Birth control and infertility?

I have been on birth control pills for three years now and I finally got off of them two weeks ago. Now I am scared that I may be sterile. It really scares me because I don't want to be infertile. Is there a way for me to find out if I will be able to become pregnant?
Sarah replies:

There has been no reliable data to indicate that the hormonal birth control available today causes infertility (contrary to what certain groups of individuals who wish to limit women's reproductive choices may say), no matter how long one is on it. So there is really no science to support the idea that birth control would make you sterile.

In fact, some women do become pregnant the cycle after stopping hormonal contraceptives. On average though, it'll takes around three months for your body to adjust to being off the contraceptives, so it would be even more likely after that point. (Please note though, this does NOT mean that you should assume you're protected from pregnancy during that early time after stopping birth control. It just means that chances of pregnancy will be increased once you're three months or so out. You should still consider yourself fertile as soon as you stop using the hormonal contraceptives.) Some doctors will suggest waiting at least three months before trying to become pregnant to allow your body to normalize. There is no data to indicate that there is any danger to a woman or a pregnancy if conception occurs prior to that three month period, but it may be easier and less stressful if you're having regular cycles again before you begin trying to conceive. Some women may find that it takes longer for their cycles to normalize (6 months to a year, in some cases, and rarely longer than that). This does not mean that the contraceptives are causing infertility, just that the body needs some time to adjust.

So if you're hearing things about "birth control causing infertility," it's often being said by people who are interested in scaring women out of using contraception.

There are also some people who may have told you that they had problems becoming pregnant that were caused by birth control. Of course, we do not want to discount anyone's experience, but there can certainly be some misunderstanding associated with these instances. Unless a woman has actively tried to become pregnant with a given partner prior to going on birth control, how are we to know that there was not an underlying fertility issue that was there before they ever began using the hormonal contraceptives? We don't know about that. So in many cases, there may have been another issue there beforehand.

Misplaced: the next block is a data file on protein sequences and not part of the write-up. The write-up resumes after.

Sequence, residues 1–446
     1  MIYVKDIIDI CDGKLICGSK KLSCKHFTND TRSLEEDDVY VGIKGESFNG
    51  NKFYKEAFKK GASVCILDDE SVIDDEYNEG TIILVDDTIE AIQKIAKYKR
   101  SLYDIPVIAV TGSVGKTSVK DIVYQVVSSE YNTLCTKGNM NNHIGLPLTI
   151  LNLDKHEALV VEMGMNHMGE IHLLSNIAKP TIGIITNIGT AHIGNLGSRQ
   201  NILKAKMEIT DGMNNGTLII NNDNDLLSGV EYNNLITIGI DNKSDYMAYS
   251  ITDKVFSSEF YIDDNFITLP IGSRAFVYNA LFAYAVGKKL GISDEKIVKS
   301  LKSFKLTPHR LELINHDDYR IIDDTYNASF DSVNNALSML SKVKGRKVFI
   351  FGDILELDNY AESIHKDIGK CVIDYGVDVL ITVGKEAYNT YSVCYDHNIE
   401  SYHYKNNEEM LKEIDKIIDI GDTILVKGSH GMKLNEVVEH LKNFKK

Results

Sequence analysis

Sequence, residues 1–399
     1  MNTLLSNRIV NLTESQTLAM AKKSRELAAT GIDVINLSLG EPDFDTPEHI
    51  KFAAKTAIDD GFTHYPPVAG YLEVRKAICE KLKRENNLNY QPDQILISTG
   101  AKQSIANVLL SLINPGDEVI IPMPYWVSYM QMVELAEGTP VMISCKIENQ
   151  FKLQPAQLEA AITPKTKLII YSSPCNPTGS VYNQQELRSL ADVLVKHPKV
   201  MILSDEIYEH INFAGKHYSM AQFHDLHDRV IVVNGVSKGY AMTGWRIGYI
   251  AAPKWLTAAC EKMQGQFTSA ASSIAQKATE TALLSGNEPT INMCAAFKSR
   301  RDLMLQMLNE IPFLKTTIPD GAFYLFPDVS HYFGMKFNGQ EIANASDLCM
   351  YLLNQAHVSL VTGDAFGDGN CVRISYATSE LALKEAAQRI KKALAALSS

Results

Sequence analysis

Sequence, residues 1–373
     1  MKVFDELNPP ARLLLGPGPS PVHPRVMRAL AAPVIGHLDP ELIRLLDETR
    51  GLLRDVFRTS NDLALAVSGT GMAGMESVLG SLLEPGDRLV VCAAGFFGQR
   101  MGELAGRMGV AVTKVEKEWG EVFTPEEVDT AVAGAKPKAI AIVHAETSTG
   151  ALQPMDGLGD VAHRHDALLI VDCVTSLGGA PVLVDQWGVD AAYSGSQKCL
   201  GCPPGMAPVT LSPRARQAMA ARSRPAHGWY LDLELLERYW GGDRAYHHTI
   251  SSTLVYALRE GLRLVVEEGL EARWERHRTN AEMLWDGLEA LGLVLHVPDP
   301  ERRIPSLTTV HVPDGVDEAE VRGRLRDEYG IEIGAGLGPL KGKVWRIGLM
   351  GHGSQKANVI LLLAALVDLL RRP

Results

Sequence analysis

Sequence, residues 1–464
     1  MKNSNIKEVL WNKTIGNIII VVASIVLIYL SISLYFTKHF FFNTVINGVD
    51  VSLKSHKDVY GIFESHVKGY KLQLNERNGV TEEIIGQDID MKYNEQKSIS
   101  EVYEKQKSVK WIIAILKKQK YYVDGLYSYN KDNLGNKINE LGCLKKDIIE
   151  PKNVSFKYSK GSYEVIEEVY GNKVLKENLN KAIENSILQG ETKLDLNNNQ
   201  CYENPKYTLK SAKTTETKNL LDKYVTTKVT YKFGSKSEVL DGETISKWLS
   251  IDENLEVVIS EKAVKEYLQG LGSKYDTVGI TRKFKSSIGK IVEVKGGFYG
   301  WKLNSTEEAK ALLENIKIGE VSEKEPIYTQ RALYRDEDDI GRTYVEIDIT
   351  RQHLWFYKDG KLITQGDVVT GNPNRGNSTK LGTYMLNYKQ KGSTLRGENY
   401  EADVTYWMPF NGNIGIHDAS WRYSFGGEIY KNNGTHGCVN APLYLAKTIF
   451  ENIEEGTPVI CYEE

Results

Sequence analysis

Also, it's important to understand that while we do know a lot about reproduction, we don't know everything. In fact, we're light years from knowing exactly how everything works. Things have to be exactly right and coincide precisely for a pregnancy to occur. It's both as simple, and as complicated, as a sperm and an egg meeting. And sometimes other things (like aspects in our environment or diet or other medications) may change what's going on in the body in ways that we can't even measure. Fertility issues are also not always related to a woman, they can just as easily have to do with a male partner. Or, if you're trying to conceive without doing something like charting so that you make sure that attempts to conceive occur at the right time in your cycle, you may find that it takes longer because intercourse may not be timed with your ovulation. Any (or many) of these thing can coincide and cause it to take longer to become pregnant. Somewhere around 85% of women using no contraceptives during a given year will become pregnant, on average. It may only take a short time, it may take a longer's impossible to guess exactly how long the process may be.

If you're concerned about your fertility, the best thing to do is talk with your health care provider. Every menstruating woman should be getting reproductive health care on a regular basis. Your care provider will be able to look at your overall health, reproductive health, and health/family history and help you know whether fertility may be an issue for you or what you can do to increase your chances of conception if you wish to become pregnant. If you have any underlying issues, they will be able to help you figure out how to treat those.

However, worrying about fertility just because you're been on hormonal birth control isn't really necessary. Consider the number of women in the world who have used hormonal contraceptives...that number is pretty darn high. If it caused sterility, lots of people would have noticed by now and it's something we would have heard a lot about.

You may want to check out the following for more information:

More like This